Human Rights Watch (HRW) [advocacy website] called on Turkish police Sunday to use non-violent tactics with civilians [statement] protesting the renovation of a rare public green space in Istanbul. Police forces dispersed peaceful protests with tear gas, water canons and plastic bullets, triggering wider public protests across the country. The historic park has symbolic meaning to minority political parties, many of which claim that this was the first step in an unpopular regime plan to build over the park with a shopping mall. Sunday's events came as a result of informal critique by Turkish public officials, including President Abdullah Gul [BBC backgrounder], as the construction halted and restarted several times from May 27 to June 1 [BBC report]. Police forces routinely dispersed protesters in order to further the construction, sending at least one representative to the hospital for a heart attack. An adviser for Prime Minister Recep Tayyip Erdogan [official website, in Turkish] denied the use of excessive force on Saturday and chastised the protesters. High Representative of the [European] Union for Foreign Affairs and Security Policy Catherine Ashton [official website] called for talks between the two sides.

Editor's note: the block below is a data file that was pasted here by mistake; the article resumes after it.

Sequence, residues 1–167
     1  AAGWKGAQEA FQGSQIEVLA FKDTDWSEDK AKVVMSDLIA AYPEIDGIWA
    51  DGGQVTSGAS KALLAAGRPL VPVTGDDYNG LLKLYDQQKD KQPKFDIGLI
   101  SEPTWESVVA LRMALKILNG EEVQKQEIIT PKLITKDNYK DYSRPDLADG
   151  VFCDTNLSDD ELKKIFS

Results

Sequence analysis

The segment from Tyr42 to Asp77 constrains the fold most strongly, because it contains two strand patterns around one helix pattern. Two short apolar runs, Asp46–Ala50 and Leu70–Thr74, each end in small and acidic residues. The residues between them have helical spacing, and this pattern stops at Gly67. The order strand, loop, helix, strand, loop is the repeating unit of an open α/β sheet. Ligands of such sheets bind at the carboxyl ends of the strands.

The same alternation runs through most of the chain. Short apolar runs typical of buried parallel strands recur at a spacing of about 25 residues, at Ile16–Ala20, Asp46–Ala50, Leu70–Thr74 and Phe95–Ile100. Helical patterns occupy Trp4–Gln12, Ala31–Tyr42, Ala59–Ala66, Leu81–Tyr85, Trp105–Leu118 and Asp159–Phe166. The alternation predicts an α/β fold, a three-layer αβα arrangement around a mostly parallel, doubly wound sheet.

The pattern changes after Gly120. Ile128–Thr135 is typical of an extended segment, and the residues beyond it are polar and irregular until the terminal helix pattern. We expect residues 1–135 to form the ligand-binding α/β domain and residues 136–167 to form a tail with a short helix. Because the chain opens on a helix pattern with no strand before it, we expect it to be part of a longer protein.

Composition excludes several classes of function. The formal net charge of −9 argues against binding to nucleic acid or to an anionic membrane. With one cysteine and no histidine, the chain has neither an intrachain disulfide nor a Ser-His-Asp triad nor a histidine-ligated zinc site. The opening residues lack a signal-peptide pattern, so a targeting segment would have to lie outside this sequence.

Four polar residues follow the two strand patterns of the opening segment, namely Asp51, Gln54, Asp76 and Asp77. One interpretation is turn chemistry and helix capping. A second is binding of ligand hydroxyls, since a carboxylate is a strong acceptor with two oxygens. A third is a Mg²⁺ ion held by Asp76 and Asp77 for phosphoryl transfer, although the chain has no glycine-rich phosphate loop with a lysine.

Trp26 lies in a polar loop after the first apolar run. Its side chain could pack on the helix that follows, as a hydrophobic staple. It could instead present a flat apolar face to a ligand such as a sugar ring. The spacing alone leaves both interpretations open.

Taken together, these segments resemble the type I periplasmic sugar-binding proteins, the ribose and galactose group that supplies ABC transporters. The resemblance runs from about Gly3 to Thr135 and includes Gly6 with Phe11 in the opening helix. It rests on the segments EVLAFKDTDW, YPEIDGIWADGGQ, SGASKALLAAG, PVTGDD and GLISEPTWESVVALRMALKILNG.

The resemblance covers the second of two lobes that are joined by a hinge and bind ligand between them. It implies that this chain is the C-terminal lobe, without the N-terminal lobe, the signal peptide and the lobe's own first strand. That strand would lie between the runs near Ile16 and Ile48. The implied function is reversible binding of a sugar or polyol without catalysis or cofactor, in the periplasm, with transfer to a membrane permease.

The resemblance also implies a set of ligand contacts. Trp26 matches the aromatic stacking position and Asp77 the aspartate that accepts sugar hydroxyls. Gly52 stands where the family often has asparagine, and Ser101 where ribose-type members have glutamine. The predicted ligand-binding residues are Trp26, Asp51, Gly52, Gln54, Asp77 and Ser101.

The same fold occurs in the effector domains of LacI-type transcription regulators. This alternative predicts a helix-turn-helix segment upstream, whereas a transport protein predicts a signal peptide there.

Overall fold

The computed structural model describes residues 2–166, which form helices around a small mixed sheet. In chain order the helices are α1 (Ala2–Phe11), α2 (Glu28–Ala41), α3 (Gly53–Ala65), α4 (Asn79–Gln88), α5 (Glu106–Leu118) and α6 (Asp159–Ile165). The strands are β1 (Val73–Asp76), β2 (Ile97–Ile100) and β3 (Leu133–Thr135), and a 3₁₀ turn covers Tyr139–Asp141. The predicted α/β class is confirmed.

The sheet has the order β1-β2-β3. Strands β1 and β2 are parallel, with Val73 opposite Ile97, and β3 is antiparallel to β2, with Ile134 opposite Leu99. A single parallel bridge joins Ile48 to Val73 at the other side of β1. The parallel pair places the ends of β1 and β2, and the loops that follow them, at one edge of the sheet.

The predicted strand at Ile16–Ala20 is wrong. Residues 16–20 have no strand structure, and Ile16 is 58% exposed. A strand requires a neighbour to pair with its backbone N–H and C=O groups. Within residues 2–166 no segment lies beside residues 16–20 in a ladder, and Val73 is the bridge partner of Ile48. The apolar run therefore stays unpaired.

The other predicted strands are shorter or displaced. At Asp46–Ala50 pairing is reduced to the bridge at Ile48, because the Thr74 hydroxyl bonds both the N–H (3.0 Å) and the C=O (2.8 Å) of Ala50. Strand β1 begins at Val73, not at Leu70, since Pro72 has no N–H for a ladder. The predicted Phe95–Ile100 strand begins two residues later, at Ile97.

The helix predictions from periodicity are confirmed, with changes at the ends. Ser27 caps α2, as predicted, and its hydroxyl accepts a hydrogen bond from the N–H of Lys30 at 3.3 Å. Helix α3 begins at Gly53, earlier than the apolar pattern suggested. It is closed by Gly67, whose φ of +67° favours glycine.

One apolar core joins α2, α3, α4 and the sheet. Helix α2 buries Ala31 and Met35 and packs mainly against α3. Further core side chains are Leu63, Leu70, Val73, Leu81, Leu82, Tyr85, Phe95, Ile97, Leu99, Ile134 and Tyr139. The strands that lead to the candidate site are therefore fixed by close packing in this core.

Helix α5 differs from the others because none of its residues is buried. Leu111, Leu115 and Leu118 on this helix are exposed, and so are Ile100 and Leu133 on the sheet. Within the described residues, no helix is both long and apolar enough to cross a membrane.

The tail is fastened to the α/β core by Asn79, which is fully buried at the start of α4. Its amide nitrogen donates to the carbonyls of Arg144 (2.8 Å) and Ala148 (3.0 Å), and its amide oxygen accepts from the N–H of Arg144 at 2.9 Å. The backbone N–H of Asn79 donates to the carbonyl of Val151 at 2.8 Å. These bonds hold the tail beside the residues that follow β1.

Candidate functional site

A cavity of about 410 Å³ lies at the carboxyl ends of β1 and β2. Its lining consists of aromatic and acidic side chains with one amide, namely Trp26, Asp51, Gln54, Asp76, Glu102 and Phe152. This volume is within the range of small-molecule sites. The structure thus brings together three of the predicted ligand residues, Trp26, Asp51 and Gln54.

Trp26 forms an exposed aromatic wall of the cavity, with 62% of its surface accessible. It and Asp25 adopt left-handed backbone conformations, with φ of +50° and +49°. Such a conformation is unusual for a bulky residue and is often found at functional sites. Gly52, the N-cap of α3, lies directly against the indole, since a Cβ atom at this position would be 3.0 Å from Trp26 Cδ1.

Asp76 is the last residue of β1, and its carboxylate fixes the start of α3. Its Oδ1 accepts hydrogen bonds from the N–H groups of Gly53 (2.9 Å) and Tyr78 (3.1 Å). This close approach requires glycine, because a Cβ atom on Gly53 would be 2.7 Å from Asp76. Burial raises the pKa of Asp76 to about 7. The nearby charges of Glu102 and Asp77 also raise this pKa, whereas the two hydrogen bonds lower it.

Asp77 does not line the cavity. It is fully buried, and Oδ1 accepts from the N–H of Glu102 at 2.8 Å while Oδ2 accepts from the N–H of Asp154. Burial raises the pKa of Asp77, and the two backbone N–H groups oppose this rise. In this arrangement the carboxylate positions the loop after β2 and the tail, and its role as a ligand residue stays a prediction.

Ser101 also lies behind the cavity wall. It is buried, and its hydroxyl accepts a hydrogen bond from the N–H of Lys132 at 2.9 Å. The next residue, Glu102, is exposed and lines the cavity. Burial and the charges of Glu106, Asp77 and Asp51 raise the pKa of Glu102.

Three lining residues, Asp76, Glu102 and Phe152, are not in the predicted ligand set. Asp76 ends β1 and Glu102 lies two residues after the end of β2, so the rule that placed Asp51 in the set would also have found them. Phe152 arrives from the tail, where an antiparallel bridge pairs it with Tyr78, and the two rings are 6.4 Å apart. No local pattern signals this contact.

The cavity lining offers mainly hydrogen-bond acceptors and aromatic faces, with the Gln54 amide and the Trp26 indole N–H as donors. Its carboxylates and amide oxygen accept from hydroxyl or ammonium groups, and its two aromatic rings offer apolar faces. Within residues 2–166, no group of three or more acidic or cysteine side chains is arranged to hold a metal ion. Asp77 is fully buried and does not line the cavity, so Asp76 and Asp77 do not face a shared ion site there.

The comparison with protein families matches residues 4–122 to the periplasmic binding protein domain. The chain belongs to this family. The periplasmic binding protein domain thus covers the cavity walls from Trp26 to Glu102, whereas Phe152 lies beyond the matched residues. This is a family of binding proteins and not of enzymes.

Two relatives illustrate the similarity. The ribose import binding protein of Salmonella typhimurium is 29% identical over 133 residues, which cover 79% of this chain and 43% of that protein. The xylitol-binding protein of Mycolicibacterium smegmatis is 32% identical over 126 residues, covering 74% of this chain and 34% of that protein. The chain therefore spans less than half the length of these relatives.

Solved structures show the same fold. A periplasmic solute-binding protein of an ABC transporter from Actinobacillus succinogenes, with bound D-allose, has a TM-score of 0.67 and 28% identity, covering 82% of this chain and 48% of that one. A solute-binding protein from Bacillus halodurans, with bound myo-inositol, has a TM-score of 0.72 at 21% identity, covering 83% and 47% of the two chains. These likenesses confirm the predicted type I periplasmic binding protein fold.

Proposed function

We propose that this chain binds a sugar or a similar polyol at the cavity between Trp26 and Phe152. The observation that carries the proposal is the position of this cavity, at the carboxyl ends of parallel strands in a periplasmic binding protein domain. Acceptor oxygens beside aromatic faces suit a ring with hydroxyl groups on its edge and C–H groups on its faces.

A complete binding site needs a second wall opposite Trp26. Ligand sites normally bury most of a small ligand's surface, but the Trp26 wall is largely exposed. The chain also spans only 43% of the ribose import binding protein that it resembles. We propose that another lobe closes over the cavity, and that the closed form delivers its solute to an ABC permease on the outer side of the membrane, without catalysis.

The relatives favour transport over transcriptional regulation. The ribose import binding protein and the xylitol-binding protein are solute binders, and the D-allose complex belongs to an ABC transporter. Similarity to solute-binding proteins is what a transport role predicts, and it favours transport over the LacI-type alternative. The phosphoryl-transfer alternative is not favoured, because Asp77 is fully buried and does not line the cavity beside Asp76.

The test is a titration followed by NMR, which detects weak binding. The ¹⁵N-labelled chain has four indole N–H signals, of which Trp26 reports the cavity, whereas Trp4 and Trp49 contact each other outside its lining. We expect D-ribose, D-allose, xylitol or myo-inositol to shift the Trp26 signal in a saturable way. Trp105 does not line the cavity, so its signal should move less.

This outbreak of violence comes about one month after Turkey's Grand National Assembly approved amendments [BIA summary] to the country's anti-terrorism laws to bring them more in line with EU freedom of expression standards. In February the Council of Europe [official website] urged Turkey to move more quickly [JURIST report] in its efforts to reform the laws governing freedom of expression and anti-terrorism. The UN Human Rights Committee (UNHRC) [official website] criticized Turkey in November for prosecuting activists [JURIST report] under the country's vague counterterrorism law. In March 2011 a spokesperson for the UN Office of the High Commissioner for Human Rights (OHCHR) [official website] urged Turkish officials to respect journalists' freedom of expression [JURIST comment].